A Utah teacher is facing kidnapping charges after she says she intervened to help a 5-year-old get home safely after seeing the child “sobbing uncontrollably” before wandering off school property.
“I did not kidnap a child. I followed a clearly distraught child as she left the school grounds. I felt she was not safe traveling alone,” Amy Louise Martz told reporters Thursday, according to Deseret News.
Martz, a 49-year-old sixth grade teacher at Fox Hollow Elementary School, was charged with the felony on Monday in connection with an incident in early September, when a woman reported that her autistic 5-year-old daughter never came home from school.
Martz and her attorney say the whole thing is a misunderstanding complicated by a language barrier, as the 5-year-old girl is apparently autistic and speaks Spanish at home. While authorities have charged Martz because they say she took an unauthorized walk with the child off school property, the teacher insists she spent most of the time trying to lead the girl to her parents, first trying to take her to the bus stop and then the parent pick-up spot. She said the little girl shook her head both times.
“At each fork in the road I stopped and said, ‘Which way home?’ She would point confidently and said, ‘This way home,” Martz was quoted saying by Deseret News.
At some point, however, she said she “realized this cute girl did not know where she was going.”
The walk ultimately took the girl more than a half-mile away from school grounds and lasted about 40 minutes, authorities said. The two were eventually brought back to campus by another teacher who spotted them. According to charging documents, surveillance footage recorded Martz “walking hand-in-hand” with the girl on school property.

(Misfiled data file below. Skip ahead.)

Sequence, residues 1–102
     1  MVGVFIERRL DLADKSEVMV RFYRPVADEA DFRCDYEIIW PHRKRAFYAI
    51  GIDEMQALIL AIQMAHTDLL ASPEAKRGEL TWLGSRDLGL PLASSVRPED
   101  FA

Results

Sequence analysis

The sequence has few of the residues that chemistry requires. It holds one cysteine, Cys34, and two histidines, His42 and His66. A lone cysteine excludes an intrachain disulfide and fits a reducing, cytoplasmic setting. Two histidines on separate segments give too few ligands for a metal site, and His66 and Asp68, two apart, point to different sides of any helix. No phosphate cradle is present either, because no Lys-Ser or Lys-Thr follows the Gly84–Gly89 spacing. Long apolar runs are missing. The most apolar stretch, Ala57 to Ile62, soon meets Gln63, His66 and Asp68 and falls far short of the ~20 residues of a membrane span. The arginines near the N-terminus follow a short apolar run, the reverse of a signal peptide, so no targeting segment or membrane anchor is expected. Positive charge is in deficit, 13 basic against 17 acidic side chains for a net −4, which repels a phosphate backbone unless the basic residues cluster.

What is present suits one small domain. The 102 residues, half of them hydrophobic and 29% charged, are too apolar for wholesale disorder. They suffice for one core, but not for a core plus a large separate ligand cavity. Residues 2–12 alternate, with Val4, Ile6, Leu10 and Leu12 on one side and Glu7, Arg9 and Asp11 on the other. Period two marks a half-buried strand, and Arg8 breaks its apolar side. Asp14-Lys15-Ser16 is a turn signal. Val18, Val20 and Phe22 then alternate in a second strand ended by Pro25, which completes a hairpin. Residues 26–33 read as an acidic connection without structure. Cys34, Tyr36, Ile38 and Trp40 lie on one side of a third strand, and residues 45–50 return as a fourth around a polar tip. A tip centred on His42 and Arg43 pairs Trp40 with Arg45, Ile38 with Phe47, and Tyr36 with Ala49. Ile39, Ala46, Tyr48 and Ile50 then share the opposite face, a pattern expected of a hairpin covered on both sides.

Martz said she didn't intend to be gone for so long but had left her cellphone at school, leading her to ask a neighborhood resident to borrow a phone and call the school.
The teacher of 24 years claimed that she tried to explain her intentions to the girl's father but that there was an apparent language barrier that prevented him from “understanding (her) good intentions and the safety (she) had provided.”
After receiving a reprimand from the school and being denied a second chance to explain herself to the parents, Martz said she found out about the child kidnapping charges against her after being contacted by the media. She turned herself in, was booked into the county jail, and posted bail.
If convicted, Martz faces up to 15 years to life in prison.
“I had no intent to interfere with the child’s trip home. I was providing safety to what I felt was a vulnerable child because she was distraught. I did not learn until later that she had autism,” Martz told reporters on Thursday, adding that she was “acting out of compassion” for the child.
“It’s a sad commentary on our society when educators who responsibly help children are disciplined and charged with crimes,” Martz said. “I plead with the prosecutor to drop the charges against me.”